We’re fortunate that we haven’t had to change our lifestyle radically — Spouse already works on Krita from home and manages a completely remote team from home, and I already do writing and volunteer work at the dining table. We’re used to being around each other a lot, it’s not like we’re suddenly together all day every day and get on each other’s nerves. The world gets on our joint nerves, that’s all. I miss swimming. I even miss the social interaction while swimming which was sometimes nice, sometimes a burden when it happened. Both of us miss nipping out to a shop to get one little thing we forgot or suddenly need because we’re cooking something unplanned. We miss going to museums, taking a city trip on short notice just because we can and want to. We’re going to miss the Lamb of God exhibition in Ghent that we managed to get some of the last timeslot tickets for.

I miss church, and choir, and the volunteer work I’d otherwise be doing for the church and the choir. It turns out that I really need to be part of the community, or perhaps of the structure, to do something with my faith. I haven’t actually lost my faith, but I don’t cope well with not having a framework to express it in: not only singing in the services but also baking prosphora, making reader notes, working on the church webpage, posting notices on Twitter is the way I pray. Martha rather than Mary, though I don’t judge people for being Mary (on the contrary, I feel like I should pray more and read spiritual literature and follow other churches’ livestreams because ours isn’t large enough to have one, but I can’t bring myself to do it, it feels wrong). We stopped observing Lent when the church stopped having services, because that took energy we don’t have — it’s the services we get energy from in Lent — and I think that’s the cause I’m not reading uplifting books either: lack of brainspace. I’m sure Christ will rise without us being there to tell each other, and I’ll definitely put the yearly “Christ is risen” notice on Twitter, but it’s all very strange indeed.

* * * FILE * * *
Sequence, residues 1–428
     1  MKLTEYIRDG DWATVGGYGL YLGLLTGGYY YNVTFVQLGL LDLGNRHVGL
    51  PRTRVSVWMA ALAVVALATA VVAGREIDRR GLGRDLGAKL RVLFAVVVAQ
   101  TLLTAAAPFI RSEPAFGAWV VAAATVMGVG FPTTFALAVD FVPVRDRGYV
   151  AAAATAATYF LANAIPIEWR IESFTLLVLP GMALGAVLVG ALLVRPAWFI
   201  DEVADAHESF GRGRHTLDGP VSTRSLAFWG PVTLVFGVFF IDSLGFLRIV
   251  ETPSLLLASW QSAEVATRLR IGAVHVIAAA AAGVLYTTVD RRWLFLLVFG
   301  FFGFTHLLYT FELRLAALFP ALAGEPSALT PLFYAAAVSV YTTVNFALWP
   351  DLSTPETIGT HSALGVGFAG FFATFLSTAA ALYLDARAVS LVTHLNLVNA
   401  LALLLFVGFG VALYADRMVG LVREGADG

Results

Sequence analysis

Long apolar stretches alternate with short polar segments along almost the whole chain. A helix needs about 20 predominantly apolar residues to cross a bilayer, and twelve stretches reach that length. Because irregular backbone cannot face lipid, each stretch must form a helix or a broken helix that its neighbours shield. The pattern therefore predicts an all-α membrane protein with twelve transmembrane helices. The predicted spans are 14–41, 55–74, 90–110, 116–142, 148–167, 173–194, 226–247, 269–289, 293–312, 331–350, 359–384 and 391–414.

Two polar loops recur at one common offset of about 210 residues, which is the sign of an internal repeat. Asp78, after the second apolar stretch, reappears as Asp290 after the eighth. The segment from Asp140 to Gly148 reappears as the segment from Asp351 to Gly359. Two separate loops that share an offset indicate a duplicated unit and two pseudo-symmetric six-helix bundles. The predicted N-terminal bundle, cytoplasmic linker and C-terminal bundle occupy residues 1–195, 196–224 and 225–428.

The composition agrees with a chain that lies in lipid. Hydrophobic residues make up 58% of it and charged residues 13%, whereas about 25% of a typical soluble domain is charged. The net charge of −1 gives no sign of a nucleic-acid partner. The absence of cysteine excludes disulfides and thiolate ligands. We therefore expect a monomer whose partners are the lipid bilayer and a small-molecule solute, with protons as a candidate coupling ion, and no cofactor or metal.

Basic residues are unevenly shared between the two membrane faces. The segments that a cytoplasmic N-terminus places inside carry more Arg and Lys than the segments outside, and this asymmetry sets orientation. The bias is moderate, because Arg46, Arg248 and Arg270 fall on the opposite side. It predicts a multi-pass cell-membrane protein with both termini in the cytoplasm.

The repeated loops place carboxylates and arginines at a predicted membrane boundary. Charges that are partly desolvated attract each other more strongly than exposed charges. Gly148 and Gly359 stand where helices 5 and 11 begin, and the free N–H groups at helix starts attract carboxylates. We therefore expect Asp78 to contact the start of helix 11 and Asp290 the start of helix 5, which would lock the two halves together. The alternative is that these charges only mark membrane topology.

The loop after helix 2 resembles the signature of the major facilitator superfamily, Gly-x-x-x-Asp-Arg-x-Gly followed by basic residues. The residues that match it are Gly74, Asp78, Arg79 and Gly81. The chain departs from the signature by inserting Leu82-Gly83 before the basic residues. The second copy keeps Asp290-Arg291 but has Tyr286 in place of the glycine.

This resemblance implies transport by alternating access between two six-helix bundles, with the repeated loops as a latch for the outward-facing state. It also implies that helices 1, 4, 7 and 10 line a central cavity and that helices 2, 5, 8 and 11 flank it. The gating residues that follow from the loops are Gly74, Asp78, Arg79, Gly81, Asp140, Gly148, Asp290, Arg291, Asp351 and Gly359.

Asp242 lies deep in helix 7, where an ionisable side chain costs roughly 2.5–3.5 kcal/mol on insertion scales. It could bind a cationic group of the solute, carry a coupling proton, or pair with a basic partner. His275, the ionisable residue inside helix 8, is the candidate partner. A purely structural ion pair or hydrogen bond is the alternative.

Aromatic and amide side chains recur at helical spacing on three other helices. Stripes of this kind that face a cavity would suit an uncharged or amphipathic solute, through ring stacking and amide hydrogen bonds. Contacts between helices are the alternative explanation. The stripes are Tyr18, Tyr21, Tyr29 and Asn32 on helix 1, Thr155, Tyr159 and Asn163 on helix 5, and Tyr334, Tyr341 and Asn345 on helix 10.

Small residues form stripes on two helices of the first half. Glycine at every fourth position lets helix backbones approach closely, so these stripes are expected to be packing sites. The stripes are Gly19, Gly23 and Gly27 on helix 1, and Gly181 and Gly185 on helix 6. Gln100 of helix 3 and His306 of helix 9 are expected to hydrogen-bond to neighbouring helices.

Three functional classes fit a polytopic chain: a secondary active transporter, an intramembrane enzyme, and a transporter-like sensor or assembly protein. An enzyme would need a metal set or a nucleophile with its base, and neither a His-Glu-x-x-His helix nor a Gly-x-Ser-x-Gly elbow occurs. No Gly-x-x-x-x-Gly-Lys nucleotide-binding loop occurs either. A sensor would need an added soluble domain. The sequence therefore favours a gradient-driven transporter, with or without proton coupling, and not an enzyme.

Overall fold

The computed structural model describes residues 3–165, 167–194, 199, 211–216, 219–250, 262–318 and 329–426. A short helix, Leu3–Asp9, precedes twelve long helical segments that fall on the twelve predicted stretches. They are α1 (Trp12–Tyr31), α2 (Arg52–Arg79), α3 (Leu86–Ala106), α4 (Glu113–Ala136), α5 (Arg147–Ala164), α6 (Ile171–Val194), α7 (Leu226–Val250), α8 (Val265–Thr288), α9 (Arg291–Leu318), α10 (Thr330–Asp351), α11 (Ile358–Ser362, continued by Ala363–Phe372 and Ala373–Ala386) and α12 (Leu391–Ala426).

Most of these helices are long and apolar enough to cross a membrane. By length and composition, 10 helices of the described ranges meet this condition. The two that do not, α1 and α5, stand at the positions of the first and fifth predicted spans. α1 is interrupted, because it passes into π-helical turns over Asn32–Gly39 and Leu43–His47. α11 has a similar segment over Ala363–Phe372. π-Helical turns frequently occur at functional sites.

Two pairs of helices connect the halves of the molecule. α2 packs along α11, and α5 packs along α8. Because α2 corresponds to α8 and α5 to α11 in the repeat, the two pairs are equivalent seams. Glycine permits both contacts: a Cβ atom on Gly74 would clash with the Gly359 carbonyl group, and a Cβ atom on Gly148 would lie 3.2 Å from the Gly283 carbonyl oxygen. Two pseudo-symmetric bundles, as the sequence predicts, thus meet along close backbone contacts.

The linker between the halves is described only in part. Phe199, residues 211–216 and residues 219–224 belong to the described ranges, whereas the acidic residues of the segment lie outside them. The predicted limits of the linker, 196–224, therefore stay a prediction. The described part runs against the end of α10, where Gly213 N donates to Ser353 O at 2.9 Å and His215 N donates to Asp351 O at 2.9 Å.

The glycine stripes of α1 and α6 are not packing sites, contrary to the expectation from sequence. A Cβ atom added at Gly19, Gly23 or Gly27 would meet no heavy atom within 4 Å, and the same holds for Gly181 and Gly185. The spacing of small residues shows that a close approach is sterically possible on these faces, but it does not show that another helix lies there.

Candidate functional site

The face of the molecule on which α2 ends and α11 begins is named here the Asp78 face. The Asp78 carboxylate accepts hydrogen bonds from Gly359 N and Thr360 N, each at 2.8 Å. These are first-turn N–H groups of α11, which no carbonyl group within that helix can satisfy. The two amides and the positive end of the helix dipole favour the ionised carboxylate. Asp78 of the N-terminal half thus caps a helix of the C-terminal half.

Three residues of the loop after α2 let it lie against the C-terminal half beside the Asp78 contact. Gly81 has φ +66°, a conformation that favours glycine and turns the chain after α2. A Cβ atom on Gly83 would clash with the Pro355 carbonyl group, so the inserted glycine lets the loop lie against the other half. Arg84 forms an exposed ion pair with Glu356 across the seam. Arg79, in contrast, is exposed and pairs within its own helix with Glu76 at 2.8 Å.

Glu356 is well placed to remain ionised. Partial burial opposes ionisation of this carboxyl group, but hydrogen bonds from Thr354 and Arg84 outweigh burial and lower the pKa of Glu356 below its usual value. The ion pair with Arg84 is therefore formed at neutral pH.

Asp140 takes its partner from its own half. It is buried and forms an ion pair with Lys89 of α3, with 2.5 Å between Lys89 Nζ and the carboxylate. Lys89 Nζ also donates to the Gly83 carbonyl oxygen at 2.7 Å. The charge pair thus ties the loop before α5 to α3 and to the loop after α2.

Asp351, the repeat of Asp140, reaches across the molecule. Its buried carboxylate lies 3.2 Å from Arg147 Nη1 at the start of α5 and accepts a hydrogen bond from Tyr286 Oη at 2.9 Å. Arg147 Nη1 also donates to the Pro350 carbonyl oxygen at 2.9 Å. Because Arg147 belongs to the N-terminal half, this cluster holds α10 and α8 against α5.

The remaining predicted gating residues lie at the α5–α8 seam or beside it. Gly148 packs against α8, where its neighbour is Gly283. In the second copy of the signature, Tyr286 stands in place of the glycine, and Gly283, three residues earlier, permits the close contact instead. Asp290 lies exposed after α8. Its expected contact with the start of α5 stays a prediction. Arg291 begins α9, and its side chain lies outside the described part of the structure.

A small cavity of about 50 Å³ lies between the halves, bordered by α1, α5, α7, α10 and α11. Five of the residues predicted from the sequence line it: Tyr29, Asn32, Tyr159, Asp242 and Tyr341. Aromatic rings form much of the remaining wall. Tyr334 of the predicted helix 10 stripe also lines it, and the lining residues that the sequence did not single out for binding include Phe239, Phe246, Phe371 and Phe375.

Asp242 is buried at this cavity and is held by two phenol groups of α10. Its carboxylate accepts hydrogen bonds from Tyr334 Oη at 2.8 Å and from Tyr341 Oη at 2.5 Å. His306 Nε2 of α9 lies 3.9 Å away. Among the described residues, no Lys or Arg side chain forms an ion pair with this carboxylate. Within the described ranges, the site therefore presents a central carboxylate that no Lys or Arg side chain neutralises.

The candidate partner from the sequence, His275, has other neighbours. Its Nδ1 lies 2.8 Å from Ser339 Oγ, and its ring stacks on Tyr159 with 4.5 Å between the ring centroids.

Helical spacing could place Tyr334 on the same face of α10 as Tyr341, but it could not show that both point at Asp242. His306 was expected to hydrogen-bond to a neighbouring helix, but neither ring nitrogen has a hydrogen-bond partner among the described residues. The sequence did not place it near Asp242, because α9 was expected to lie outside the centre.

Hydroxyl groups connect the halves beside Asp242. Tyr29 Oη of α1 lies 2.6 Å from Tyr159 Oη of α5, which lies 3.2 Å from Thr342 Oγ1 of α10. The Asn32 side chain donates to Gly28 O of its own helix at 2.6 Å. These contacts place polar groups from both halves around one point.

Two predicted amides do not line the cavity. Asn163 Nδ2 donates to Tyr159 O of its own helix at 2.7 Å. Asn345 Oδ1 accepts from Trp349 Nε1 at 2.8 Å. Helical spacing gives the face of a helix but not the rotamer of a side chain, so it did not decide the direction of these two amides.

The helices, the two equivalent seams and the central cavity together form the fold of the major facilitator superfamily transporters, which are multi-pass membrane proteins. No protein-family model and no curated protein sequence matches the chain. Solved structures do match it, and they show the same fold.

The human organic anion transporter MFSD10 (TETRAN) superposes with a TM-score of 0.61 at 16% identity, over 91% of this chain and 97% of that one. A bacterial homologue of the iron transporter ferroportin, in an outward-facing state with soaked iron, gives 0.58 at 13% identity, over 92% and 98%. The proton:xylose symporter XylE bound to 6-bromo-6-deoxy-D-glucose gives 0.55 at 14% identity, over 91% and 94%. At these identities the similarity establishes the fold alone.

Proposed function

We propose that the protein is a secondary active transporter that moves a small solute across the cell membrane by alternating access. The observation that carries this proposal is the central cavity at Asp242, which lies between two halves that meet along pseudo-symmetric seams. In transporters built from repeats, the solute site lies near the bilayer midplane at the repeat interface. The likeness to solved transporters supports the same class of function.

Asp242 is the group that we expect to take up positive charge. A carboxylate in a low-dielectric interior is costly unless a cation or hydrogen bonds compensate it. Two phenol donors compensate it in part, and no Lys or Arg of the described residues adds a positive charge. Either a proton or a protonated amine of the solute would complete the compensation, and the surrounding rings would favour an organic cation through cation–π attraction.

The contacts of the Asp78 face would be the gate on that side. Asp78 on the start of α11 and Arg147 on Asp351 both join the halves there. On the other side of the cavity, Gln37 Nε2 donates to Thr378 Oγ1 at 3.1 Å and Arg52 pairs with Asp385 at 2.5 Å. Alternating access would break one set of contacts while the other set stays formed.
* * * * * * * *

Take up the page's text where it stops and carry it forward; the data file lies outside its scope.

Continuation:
I miss being able to write. I got hold of a cover artist for A Voice from the North, thinking that would be an incentive to finish it already, but I can’t even look at the text without disgust now. And I’m stuck about 1000 words into the space meerkat story which I think wants to be 3000-3500. Why is this thing that I have no power over and doesn’t even impact me much personally (except restricting my movements) taking up so much of my mental CPU? It’s not as if I had much of an in-the-flesh social life before, except church. — Oh right, it’s because I have no power over it.

(Now a voice that might be the Infernal Editor or one of its cousins is telling me “what are you whining about, there are so many people who have it worse”; I bop it on the head with a virtual fish.)

I had an argument with a choirmate years ago, who said (because I was music-geeking with another choirmate) “How can you find that so important while the world is burning?” Someone wiser than that person, and much wiser than me, once told me to stretch out my arms and know that this is my reach and all I can do is to make that as good as it can be, I don’t need to fix the whole world, only try my best for the little piece of world that’s mine to fix. (And if I can’t, I can’t; there’s no penalty for being unable to do everything or something or even anything at all.) The world needn’t be all bleak and utilitarian: having fun keeps us human. But I still feel bad for not feeling worse than I do, and then I feel bad for feeling bad for that. I don’t think it’s grief as such (as some people have written), but it’s definitely cognitive dissonance.

I’m not bored. I’m just getting nothing done, and trying not to feel guilty for playing games and reading silly stories when I could (should!) be writing stories! helping others! getting things done! CLEANING THE HOUSE! Good grief, I’m glad I can still cook, and do dishes when necessary, and go to the supermarket every couple of days even if that wipes me out for at least an hour after I get home. I don’t know whether to be envious of people who suddenly do get a lot of things done, and have started baking (and buying all the flour and yeast from under the nose of the already-habitual-bakers), and make livestreams so other people won’t have to miss all of church, and have wonderfully clean houses and tidy gardens now. Perhaps their cognitive dissonance is as bad as mine and they’ve just found a different way to cope.